Written by an area Landscape Architect and birdwatcher with over 30 years of experience with landscaping in north Texas: what works and what doesn't. Emphasis on attracting birds to north Texas yards, and reducing required yard maintenance. Tips, trivia and proven advice for a natural, low-cost approach for this unique and sensitive part of the country.
ago, there was a fake “bee scare”. Farmers mistakenly thought that the Eastern
Kingbird raided the bee hives they kept for pollinating crops, so they nearly
killed the birds off.WRONG!(And maybe farmers today should maintain their
own bee hives. They might be more concerned about the insecticides they use.)
called the “bee martin”, The Kingbird is a summer bird commonly seen from the
Rockies east to the Atlantic coast, including north Texas. Both Eastern and Western
varieties are seen here.
Where is the Cardinal a “native”? Here! It’s lived in north Texas, year
‘round, for a long, long time. However the Cardinal (“Northern Cardinal” to
purists) has been introduced into several other places. It was introduced into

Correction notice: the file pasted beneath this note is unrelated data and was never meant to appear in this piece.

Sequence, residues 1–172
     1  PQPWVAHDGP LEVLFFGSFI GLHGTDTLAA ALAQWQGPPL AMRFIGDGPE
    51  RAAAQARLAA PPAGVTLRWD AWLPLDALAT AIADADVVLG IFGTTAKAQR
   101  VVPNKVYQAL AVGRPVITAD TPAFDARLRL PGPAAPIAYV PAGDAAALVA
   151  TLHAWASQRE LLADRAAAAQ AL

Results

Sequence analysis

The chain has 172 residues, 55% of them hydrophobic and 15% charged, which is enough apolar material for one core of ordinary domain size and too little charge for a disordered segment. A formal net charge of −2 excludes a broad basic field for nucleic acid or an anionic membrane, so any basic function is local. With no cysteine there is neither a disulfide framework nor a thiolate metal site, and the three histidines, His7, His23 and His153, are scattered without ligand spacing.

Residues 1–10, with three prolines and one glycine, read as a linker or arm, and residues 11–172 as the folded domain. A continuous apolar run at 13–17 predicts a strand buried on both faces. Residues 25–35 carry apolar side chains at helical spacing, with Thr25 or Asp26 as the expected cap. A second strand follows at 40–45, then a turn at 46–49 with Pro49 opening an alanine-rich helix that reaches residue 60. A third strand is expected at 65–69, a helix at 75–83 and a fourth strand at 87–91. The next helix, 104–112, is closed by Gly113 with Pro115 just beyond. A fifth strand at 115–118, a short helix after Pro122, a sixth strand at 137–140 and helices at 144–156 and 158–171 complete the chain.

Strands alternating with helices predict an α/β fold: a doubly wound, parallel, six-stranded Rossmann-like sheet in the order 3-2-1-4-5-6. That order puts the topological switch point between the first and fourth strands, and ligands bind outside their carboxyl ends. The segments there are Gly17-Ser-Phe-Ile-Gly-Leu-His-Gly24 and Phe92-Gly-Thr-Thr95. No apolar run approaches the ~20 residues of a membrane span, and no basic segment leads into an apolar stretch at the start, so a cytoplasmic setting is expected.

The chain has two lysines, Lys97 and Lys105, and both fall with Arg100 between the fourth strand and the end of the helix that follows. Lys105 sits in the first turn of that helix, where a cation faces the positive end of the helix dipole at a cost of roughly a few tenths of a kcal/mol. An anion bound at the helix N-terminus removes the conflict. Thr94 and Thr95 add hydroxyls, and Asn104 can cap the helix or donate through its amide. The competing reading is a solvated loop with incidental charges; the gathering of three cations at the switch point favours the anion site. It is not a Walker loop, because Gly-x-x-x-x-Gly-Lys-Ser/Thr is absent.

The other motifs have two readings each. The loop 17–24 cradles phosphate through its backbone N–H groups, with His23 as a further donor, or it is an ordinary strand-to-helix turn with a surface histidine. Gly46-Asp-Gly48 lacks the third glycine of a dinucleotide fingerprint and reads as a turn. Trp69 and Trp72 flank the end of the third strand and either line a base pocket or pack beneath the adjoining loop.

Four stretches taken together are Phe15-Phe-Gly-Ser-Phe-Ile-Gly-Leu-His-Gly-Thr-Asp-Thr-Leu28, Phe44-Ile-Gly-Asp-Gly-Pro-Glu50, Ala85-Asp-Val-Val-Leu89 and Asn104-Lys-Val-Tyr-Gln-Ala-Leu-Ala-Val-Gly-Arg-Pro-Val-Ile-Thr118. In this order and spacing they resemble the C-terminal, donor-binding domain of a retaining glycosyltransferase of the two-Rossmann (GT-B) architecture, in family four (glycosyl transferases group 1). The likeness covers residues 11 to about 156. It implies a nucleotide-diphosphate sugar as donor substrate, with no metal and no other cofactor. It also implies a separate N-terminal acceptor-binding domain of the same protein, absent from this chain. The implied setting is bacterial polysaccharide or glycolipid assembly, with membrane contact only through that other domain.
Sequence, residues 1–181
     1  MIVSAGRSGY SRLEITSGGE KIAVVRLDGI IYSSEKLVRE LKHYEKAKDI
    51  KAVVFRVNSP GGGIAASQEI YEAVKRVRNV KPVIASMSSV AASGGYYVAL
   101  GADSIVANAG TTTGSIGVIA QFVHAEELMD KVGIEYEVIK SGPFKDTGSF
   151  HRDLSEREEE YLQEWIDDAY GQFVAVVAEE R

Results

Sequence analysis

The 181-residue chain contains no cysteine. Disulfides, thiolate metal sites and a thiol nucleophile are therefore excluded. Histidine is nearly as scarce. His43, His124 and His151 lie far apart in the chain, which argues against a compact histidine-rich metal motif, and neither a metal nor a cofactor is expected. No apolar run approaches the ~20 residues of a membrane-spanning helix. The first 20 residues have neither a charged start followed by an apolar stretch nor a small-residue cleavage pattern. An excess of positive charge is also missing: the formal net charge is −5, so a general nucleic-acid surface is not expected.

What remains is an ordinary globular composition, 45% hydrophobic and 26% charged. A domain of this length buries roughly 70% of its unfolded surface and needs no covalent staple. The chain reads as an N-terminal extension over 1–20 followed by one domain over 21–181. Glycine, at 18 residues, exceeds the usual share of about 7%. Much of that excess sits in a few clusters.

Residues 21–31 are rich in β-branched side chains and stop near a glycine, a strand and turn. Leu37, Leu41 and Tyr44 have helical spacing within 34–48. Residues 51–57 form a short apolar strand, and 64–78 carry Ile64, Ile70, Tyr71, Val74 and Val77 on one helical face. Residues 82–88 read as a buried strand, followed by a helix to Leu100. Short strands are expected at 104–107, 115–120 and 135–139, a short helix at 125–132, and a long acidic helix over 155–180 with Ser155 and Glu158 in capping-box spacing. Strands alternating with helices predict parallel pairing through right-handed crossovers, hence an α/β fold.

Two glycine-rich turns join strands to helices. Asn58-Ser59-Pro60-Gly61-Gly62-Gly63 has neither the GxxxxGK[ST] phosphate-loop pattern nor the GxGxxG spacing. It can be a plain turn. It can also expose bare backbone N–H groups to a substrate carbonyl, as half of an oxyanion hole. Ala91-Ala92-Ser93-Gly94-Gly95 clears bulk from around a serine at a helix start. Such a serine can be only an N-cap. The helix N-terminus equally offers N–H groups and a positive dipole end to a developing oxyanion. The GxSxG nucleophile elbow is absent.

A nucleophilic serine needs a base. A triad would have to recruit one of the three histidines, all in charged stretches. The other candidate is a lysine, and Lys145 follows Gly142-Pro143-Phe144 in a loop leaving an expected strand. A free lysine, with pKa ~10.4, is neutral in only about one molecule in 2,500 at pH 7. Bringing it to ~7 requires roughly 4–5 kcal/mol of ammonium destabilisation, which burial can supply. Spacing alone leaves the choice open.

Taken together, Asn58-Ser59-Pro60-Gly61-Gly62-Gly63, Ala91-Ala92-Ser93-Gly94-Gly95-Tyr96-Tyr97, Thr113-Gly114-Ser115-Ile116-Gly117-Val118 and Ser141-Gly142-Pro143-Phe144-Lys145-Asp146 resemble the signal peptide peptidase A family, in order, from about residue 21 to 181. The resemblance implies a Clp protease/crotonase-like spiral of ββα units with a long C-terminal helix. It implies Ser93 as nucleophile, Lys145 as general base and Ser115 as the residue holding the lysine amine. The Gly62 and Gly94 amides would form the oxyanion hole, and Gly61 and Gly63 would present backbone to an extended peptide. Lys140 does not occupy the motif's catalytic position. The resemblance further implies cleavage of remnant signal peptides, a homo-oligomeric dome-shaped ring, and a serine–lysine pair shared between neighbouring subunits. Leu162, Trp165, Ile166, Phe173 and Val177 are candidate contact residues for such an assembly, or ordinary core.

southern California several times, starting in 1880. In 1929-31 it was
introduced into the Hawaiian Islands. Also, it was brought into Bermuda “long
ago”(nobody kept records then). It also
expanded its range into a few other areas. Now it is a resident, either
native or introduced, in pretty much every state in the c0untry.
OWEN YOST, in addition to being a blogger, is a
licensed Landscape Architect emeritus who has lived and worked in north Texas
for over 30 years. He is the recipient of a Lifetime Achievement Award of the
Native Plant Society of Texas, and is a member of the American Society of
Landscape Architects (ASLA), International Federation of Landscape Architects,
National Wildlife Federation and the Audubon Society. His office is at Yost87@charter.net in Denton.